Stanford University News Service
425 Santa Teresa Street
Stanford, California 94306-2245
Tel: (650) 723-2558
Fax: 650) 725-0247
June 10, 2009
Louis Bergeron, News Service: (650) 725-1944, firstname.lastname@example.org
From the valves in a human heart to the quills on a porcupine to the petals on a summer lily, the living world is as varied as it is vast. For this to be possible, the cells that make up these living things must be just as varied. Parent cells must be able to divide in ways that create daughter cells that are different from each other, a process called asymmetric division. Scientists know how this happens in animals, but the process in plants has been a mystery.
Now Stanford biologists have found a plant protein that appears to play a key role in this type of cell division. The presence of the protein, called BASL, is vital to asymmetric cell division. In plant cells where it was absent, the cells did not divide.
"This is crucial information if we really want to understand plants' unique ways of making the different types of cells in their bodies," said Dominique Bergmann, an assistant professor of biology.
Bergmann, along with Juan Dong, a postdoctoral researcher, and Cora MacAlister, a doctoral candidate, both in the Biology Department, tracked BASL in epidermal cells of Arabidopsis, a small plant used for genetic studies. The epidermis of Arabidopsis contains small pores called stomata that allow the plant to breathe and these stomata are generated by asymmetric cell divisions. The three researchers have written a paper describing their work that will be published online June 11th in the journal Cell.
"For asymmetric cell division in animals, we know many of the proteins that control the process, but plants just don't make any of those proteins," Bergmann said.
By following where in the cell BASL resides during successful asymmetric cell divisions, they have discovered that BASL behaves like many of the proteins vital for animal asymmetric cell divisions, even though BASL's structure doesn't look like any of them.
Bergmann, Dong, and MacAlister tracked BASL by adding a fluorescent tag that could be monitored under the microscope. This way, they could watch BASL as cells divided. They found that BASL behaved in some ways like proteins involved in asymmetric animal cell division—that is, they observed BASL in both the nucleus and in a small region out near the periphery in cells that were about to divide asymmetrically. After the division, only one cell inherited BASL at the cell periphery and this helped the two daughter cells become different.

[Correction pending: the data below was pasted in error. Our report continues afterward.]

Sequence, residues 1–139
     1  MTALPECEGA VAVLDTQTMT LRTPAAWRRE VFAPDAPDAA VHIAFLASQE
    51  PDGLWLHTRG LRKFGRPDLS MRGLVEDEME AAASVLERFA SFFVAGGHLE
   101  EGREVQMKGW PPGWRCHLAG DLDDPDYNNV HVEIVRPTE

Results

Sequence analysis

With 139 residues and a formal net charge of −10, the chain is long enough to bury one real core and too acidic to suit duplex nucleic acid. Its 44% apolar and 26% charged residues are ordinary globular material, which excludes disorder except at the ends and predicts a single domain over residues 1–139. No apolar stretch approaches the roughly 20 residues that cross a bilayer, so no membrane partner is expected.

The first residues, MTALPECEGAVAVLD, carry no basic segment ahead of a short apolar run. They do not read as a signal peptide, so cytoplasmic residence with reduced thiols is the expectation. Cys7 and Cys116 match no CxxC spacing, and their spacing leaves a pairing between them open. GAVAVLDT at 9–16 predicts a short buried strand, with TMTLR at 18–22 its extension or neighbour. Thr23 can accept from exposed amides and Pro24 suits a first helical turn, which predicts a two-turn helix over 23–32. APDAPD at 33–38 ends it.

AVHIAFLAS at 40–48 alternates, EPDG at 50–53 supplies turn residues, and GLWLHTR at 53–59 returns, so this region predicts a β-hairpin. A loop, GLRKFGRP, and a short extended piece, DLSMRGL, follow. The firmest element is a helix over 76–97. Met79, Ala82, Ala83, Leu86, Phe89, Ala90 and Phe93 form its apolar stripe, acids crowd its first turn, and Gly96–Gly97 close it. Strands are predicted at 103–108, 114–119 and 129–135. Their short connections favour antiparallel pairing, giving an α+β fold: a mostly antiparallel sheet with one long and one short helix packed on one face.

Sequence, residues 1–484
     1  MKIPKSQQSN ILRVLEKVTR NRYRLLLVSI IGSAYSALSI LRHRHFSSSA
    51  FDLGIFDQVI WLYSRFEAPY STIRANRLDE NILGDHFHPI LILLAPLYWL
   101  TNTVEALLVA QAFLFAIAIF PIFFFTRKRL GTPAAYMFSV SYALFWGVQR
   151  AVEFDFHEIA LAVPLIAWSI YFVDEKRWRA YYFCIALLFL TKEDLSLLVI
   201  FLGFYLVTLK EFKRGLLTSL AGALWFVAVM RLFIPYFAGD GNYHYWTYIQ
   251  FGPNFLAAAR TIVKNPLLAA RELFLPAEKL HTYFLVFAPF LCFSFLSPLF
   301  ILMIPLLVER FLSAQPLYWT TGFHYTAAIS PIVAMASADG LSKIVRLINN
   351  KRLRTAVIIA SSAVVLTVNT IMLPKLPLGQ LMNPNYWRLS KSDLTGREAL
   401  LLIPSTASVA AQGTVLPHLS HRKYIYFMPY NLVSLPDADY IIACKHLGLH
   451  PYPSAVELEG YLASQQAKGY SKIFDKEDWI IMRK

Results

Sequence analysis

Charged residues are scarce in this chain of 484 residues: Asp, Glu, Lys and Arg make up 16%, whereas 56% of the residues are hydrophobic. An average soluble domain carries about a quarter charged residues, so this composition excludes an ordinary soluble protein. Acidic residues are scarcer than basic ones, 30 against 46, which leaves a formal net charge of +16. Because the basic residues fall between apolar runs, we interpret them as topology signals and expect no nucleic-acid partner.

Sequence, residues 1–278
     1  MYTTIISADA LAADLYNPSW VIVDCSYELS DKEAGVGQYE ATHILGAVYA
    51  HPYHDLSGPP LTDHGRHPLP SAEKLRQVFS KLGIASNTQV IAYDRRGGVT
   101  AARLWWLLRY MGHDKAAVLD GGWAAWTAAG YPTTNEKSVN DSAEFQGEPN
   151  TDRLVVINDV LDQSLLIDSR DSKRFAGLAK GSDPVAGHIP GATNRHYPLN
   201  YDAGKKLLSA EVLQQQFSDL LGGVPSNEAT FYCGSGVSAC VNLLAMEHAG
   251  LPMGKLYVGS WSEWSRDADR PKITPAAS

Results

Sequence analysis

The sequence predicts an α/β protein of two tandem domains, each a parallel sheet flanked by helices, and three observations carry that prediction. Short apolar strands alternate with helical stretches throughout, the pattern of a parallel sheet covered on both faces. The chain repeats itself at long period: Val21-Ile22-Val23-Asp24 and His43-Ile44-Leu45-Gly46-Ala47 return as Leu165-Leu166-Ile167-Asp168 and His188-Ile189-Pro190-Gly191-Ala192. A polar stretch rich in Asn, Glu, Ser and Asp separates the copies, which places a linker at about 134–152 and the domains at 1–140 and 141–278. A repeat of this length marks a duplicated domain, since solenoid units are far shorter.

What's more, it wasn't just the stomatal cells that could do this. When the instructions to make BASL were artificially put into any other cell in the plant, those cells (which normally wouldn't be able to make BASL) not only made BASL, but the protein was found in both the nucleus and a small region at the periphery. This proved that "all plant cells have within them the ability to put proteins in specialized areas," said Bergmann. This is something scientists assumed must be true because it was a necessary step for asymmetric cell division, but until now no one had been able to see it.
So why would nature invent a different protein to solve the same problem? Bergmann explained that it was not surprising to find that plants used a unique protein for their divisions because of the way their cells are built.
"The animal cell is sort of squishy and doesn't have a wall around it—it just has a membrane," said Bergmann, who pointed out that the process of plant cell division is structurally different from animal cell division. "It's like you've taken a string around the center of an animal cell and you've pinched it down ... and that works because it's flexible." Plant cells, on the other hand, have stiff cell walls and can't divide this way. "A plant cell actually has to build a new wall from the inside out in order to divide" said Bergmann.
Bergmann said that the next steps will be to understand how BASL moves from where it is made to the nucleus or out to the periphery of the cell, and what it actually does in those regions of the cell.
"What we don't know is whether cells make a bunch of BASL protein and ship half of it out the periphery and half to the nucleus and the two pools of protein never mix, or whether any one individual BASL protein molecule could 'shuttle' between being at the nucleus and being at the periphery," said Bergmann.
BASL is a valuable signpost for deciphering the workings of plant cell asymmetry, said Bergmann, adding, "Now that we can actually see a protein moved around to a very specific place in the cell, we've opened up the possibility of finding all the internal machinery that plants cells use to get it there."
Casey Lindberg is a science-writing intern at the Stanford News Service.
Dominique Bergmann, Biology Department: (650) 736-0983, email@example.com
Bergmann's Cell paper is available (to registered users) at EurekAlert
Email firstname.lastname@example.org or phone (650) 723-2558.